Once the lockdown was over, I began to disengage from work more easily and, against all odds, I started enjoying remote work.
If you think about it, it was pretty intense for a first real experience working remotely. It was something I wasn't looking for, most of the time I had to communicate asynchronously without being used to that way of working, and on top of that, I couldn't leave my apartment to clear my head or do some exercise for months.
A post-pandemic world
By the end of 2020 I went fully remote when I started working at Domestika, that has been a fully remote-first company from its beginnings.
In the engineering team, we should try to have 4 hours (from 10am to 2pm) in the work day that overlap to allow for synchronous communication. In practice, most of us were available most of the day because everybody was based in Spain. Anyway, we had a lot of flexibility when it came to organizing our working day if needed.
We used to work following an agile approach, Scrum-like, and with each ceremony we expected to keep the team aligned.
A daily stand up every morning at 10am was aimed to build accountability and trust in the team. We used to dedicate 10-15min to talk about different stuff and make some jokes. After that, we would check the tasks present in our product backlog.
At the end of every sprint, we would dedicate some time to the sprint retrospective to talk about what had worked during the sprint, what could have worked better and what definitely hadn't work as we would expect.
Besides, in the team we built opportunities to get together remotely with informal video calls to "have a coffee" together and had off-topic channels on Slack for almost anything you could think of.
We also regularly held online meetings called donuts with random people in the company, so we could get to know colleagues from different teams and talk about anything but work.
Domestika used to hold company-wide in-person meetups once or twice a year before the pandemic, but they never organized a single one during my 3 years in the company.
The only time I met my teammates during that time was at the end of 2022, when we organized a meetup in Galicia for a few days. Other than that, I only went to the office in Madrid twice because some colleages from Barcelona were visiting the city. I met a lot of people I had been working with for years and it was very nice.
No one on my team used to go the office anyway and I'd have had a daily commute of one and a half hour. So why bother?
Regarding the communication within the team we tried to be extra careful in the language that we chose to use, specially when asynchronous communication came into play. We tried to level up our communication skills.
We used asynchronous channels, such as GitHub/GitLab, Notion or Slack, for all project-related communication. For instance, I tried to be verbose with the rest of the team in Slack, communicating any relevant progress in the task at hand.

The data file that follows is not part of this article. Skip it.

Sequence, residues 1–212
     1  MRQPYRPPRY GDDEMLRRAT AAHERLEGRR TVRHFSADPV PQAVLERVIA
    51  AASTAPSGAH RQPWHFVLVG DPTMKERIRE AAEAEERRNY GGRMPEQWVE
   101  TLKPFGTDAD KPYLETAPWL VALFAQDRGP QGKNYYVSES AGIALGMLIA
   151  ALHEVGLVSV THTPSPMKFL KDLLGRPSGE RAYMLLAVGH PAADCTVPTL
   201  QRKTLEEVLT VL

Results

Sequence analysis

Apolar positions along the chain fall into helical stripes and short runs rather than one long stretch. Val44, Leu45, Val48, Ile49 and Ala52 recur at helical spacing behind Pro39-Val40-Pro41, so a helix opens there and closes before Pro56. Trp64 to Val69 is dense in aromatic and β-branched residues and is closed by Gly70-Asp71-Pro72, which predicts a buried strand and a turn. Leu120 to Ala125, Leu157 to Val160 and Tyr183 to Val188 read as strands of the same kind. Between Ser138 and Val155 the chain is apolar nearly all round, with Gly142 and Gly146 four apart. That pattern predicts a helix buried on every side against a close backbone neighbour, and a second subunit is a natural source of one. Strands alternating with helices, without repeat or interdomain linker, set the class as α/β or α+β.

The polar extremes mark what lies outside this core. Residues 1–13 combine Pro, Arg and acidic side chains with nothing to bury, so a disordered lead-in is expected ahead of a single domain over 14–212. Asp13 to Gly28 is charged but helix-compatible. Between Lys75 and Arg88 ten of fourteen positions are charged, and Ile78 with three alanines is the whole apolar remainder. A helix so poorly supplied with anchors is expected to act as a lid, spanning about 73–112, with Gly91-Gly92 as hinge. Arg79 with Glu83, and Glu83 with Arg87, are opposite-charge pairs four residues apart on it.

Those channels usually were public, letting everyone see them. That way it was easier to see what other folks were up to and jump in to help on a good occasion.
A detail to bear in mind is that team members should be conscious that asynchronous communication means that sometimes the other person is not immediately available to respond, and not expect them to.
On the other hand, synchronous communication such as a video call can be a great way to have some face-to-face time with the team, dedicate some time to pair programming, make the refinement of a task or might be the fastest way to diagnose a technical issue.
Although synchronous communication can make it harder to keep track of all the conversations that are happening at a given moment, creating stress around the fear of missing out, and leaving little time for focused work.
For that reason, it's really import to reflect online convesations offline with the outcome and the reason behind any decision made in a ticket, documentation, or other place where it can be easily recalled later.
I'd like to list next what I consider are some potential benefits and drawbacks of remote work.
- Better work-life balance.
- No commuting, saving time and money.
- More home-cooked meals, especially without reheating.
- Feel like exercising more regularly.
- Take a break away from work whenever needed.
- Easier to stay focused (childless/single person).
- Ability to apply for jobs anywhere in the world from home.
- No afterwork with the team.*
- Workaholism risk.
- Burn out risk.
- Feeling alone or isolated risk.
- More difficulty to disengage from work.
- More distractions with family.
- Require people to work differently, so there is a learning curve.
- No afterwork with the team.*
* Arguably it could be either a benefit or a drawback, depending on the person.
In short, I can say that nowadays I'd accept only a fully-remote full-time job with flexible schedule, preferably working with a team with at least a 4-hour time overlap with the UTC time zone.
I guess you can have flexible schedule working in-office/in-person as well, but that's something that has never happened to me.
I'd appreciate the possibility of going to the office whenever I feel like it, either in the same city, in another city or even in another country.
Working in an office is a perfectly legitimate way of working but it's just not my preferred way of working anymore.
I'm not interested in a mandated hybrid work model either.
However, I could agree to go to the office for a short period of time upon starting a new position, to get to know the rest of the team. Assuming the rest of the team is in the office during that time, of course.
At some point, I'd like to be a digital nomad at least part of the year and take full advantage of the perks of being a remote worker.
Thriving remotely requires to understand what makes you feel more productive, connected and able to maintain that way of working indefinitely. It requires introspection, and it requires you to also be able to force upon yourself habits and routines that, like exercise, will strengthen you in the long run.
Thank you for reading and see you in the next one!